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India’s Top Court Refuses to Reverse Ruling Opening Hugely Popular Hindu Temple to Women of All Ages

© AP Photo / Hareesh Kumar A SIn this Dec. 1, 2015 photo, Hindu worshippers queue during a pilgrimage at the Sabarimala temple in the southern Indian state of Kerala
In this Dec. 1, 2015 photo, Hindu worshippers queue during a pilgrimage at the Sabarimala temple in the southern Indian state of Kerala - Sputnik International
New Delhi (Sputnik): Several individuals and organizations had sought a review of India’s apex court’s decision to throw open a hugely popular Hindu pilgrimage to women of all ages.

In September 2018, the Supreme Court of India reversed the age-old practice of barring women in childbearing age from visiting the temple in the southern state of Kerala.

The Supreme Court of India’s judgement which opens Sabarimala Temple, located in the midst of mountainous forests, to women had triggered large-scale protests in Kerala and other parts of India. According to the age-old custom, women in childbearing age are not allowed to undertake the pilgrimage to the temple, where the presiding deity is considered to be celibate.

The court, however, ruled on Thursday that the implementation of the judgement must be firmly upheld.

“When the process is complete and a decision is pronounced, it is the decision of the Supreme Court and binds everyone. Compliance is not a matter of option,” the judgement pronounced on Thursday reads.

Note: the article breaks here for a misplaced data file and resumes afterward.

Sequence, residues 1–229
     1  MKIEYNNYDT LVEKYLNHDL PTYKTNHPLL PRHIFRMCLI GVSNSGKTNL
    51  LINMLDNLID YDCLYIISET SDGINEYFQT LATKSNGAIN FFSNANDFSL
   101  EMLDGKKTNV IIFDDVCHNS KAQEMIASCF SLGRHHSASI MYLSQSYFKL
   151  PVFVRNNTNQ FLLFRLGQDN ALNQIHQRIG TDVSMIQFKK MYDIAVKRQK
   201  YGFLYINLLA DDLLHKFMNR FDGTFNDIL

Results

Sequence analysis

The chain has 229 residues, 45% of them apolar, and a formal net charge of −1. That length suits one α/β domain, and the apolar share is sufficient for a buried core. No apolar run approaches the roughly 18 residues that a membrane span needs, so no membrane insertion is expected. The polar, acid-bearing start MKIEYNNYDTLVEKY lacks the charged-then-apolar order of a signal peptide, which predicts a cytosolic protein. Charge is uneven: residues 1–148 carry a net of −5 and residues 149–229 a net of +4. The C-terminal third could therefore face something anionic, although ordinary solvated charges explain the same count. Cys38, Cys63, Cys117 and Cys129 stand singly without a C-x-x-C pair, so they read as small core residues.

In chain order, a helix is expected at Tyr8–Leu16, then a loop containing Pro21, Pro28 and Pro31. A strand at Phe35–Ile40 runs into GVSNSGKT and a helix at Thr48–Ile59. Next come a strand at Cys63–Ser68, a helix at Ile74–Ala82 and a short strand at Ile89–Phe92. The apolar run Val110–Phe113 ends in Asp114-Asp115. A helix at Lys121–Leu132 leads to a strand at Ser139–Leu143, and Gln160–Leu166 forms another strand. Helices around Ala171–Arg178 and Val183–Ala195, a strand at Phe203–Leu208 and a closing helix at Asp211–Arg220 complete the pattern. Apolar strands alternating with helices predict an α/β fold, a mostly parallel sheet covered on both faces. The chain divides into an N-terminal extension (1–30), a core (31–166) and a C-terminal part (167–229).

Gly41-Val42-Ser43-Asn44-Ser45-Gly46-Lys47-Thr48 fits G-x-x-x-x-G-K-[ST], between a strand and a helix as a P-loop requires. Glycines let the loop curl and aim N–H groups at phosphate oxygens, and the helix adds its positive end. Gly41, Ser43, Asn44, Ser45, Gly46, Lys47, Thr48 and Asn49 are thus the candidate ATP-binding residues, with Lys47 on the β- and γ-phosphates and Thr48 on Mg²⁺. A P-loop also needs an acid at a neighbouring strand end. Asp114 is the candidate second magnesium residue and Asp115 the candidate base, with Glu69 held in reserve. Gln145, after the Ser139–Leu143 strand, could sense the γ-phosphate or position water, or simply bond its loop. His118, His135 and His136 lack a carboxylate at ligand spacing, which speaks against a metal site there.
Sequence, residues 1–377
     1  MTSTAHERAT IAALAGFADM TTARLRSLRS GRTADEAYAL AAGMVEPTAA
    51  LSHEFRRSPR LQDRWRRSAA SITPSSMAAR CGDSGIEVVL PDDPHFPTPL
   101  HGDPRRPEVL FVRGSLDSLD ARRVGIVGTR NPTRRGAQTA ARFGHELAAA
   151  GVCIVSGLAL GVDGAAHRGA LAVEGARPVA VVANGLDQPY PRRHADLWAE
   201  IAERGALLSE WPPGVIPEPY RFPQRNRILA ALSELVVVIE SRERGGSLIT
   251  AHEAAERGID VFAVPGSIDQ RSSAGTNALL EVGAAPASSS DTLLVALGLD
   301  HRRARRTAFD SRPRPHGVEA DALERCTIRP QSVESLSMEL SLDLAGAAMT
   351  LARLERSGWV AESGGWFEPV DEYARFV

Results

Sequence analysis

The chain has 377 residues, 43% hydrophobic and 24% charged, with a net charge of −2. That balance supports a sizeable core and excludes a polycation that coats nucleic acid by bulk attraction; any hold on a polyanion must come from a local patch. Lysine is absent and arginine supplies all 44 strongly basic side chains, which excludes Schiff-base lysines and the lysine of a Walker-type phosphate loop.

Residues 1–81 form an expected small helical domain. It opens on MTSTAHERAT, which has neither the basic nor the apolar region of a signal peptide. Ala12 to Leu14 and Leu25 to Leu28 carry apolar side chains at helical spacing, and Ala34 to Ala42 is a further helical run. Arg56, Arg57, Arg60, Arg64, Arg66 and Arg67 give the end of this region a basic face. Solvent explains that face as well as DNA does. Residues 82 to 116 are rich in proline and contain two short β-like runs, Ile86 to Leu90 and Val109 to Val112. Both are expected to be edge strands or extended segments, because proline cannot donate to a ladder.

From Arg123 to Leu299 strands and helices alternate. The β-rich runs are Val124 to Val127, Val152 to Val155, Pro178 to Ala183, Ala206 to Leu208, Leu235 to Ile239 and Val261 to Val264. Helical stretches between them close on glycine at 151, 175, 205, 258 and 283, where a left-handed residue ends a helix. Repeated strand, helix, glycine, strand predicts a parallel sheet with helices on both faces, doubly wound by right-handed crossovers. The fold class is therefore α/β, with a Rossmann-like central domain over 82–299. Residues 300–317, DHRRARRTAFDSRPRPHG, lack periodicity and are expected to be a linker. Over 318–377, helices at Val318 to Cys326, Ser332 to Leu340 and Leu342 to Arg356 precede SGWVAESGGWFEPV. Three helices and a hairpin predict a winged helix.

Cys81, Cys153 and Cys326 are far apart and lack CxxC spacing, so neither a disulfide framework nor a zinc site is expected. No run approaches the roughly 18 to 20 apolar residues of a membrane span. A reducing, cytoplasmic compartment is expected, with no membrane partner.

After the Supreme Court had pronounced its judgement on 28 September 2018, certain political parties and Hindu organizations had resisted its implementation by the government of Kerala, headed by Pinarayi Vijayan of the Communist Party of India (Marxist) (CPIM). The state government had mobilized heavy security on the pilgrimage route and the temple premises to facilitate the entry of women of all ages, but the agitating Hindu activists by and large thwarted it.

“Today, it is no longer open to any person or authority to openly flout a Supreme Court judgment or order, given the constitutional scheme as stated by us hereinabove. It is necessary for us to restate these constitutional fundamentals in the light of the sad spectacle of unarmed women between the ages of 10 and 50 being thwarted in the exercise of their fundamental right of worship at the Sabarimala temple,” said the court in its judgement.

Meanwhile, the apex court referred to the larger issue of allowing women in all religious places, including Islamic religious sites.  

“It is time that this Court should evolve a judicial policy befitting to its plenary powers to do substantial and complete justice and for an authoritative enunciation of the constitutional principles by a larger bench of not less than seven judges. The decision of a larger bench would put at rest recurring issues touching upon the rights flowing from Articles 25 and 26 of the Constitution of India,” reads the judgement.

The backlash of Hindus in Kerala against the court decision led to political fallout during the Lok Sabha elections in April-May, when all but one candidate fielded by the CPIM faced defeat. Hindus alleged that the state government had not tried to safeguard the sentiments of believers.

Sabarimala Temple, in the western ranges of Kerala, is hugely popular throughout southern India. During the main pilgrimage season, between mid-November to mid-January, millions of pilgrims taking penance for 41 days trek the arduous path through mountainous forests to pay obeisance to the celibate deity.

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